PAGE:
Out on Rawcliffe Moss and after making the effort for a 0600 start the catching was initially slow whereby at 0740 we had caught just 4 birds. Will and I worried the session might end sooner than later, but just as the 100% cloud cover slowly opened out to patches of blue sky, birds appeared both in and over the plantation. The morning proved to be both interesting and fruitful, ending on a high with the sighting of a female Marsh Harrier hunting distant fields over towards St Michael’s.
32 birds of 12 species caught, 31 new and 1 recapture, with highlights being the mix of warblers which included more Whitethroats and the beginnings of Chaffinch dispersal from further north of Lancashire. New birds: 14 Chaffinch, 5 Whitethroat, 3 Dunnock, plus one each of Tree Pipit, Goldfinch, Lesser Redpoll, Blackcap, Reed Warbler, Willow Warbler, Chiffchaff, Greenfinch and Blue Tit. After a hint of Chaffinch beginning their autumn dispersal last week, today the movement was more definite with 14 new Chaffinch of which 13 were juveniles, an autumn ratio which does not surprise us. Soon after 0800 Chaffinches began to arrive in singles and small groups from the north, some diving into the plantation, others continuing south. We estimated 80+ by the time we left at 1115.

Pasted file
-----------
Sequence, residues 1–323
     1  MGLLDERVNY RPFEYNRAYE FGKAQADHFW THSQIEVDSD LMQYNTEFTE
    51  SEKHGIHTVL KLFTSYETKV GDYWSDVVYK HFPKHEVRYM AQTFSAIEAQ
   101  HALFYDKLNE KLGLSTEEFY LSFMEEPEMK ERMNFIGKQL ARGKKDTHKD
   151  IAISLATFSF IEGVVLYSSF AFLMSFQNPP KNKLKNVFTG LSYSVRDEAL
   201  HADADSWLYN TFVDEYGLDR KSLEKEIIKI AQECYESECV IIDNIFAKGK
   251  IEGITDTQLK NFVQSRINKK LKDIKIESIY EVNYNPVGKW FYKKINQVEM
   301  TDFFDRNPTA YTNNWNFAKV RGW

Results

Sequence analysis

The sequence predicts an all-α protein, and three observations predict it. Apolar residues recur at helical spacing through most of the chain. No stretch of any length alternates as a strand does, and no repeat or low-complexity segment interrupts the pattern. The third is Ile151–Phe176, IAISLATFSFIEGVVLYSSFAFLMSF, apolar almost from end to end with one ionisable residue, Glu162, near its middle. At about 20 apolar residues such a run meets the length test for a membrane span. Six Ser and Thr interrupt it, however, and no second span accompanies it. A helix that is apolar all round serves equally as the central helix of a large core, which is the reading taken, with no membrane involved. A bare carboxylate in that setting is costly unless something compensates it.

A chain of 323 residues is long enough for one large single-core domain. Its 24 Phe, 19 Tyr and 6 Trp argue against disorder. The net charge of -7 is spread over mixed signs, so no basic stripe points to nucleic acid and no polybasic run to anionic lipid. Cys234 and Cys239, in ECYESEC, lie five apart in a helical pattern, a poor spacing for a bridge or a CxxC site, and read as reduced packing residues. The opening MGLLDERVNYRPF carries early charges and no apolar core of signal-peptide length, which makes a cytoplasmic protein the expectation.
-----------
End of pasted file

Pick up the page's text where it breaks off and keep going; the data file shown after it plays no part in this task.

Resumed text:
The Whitethroat recapture proved to be a male originally ringed here on 30th May 2012, the bird having by now undergone a complete moult and so in immaculate condition, ready to head back to Africa. The juveniles complete the same journey having undergone a partial moult only. Note the differing eye colours of adult and juvenile.
Whitethroat - adult
Whitethroat - adult
Whitethroat - juvenile
We counted 3+ Tree Pipits over today, one of which we caught.
Just singles of Willow Warbler and Chiffchaff today with perhaps one or two additional birds not finding the nets.
We caught the Blackcap at first light, the Whitethroats later, all of which had been consuming Blackberries but perhaps not the Reed Warbler.
Just like last week, the Lesser Redpoll proved to be a moulting adult, this one a male.
We catch very few Greenfinch here but a singleton today plus a Goldfinch in the net next to Niger feeders which remain quite full with so much natural food still about.
There was a noticeable movement south of hirundines today, unusual in that the majority of the birds were c40+ high flying Sand Martins with lesser numbers of Swallows and House Martins. Other birds: 1 Sparrowhawk, 1 Buzzard, 3 Golden Plover over, 2 Raven over, 150+ Teal, the latter possibly disturbed from their wildfowler fed pool by the quartering Marsh Harrier which came in from the west then disappeared from view during heavy rain with car windows up. Sorry, no pictures of the harrier it being too distant in the gloom of yet another downpour.
All in all a very satisfying and productive day with the continuance of the Chaffinch passage and the prospect of many more Chaffinches to come in the weeks ahead.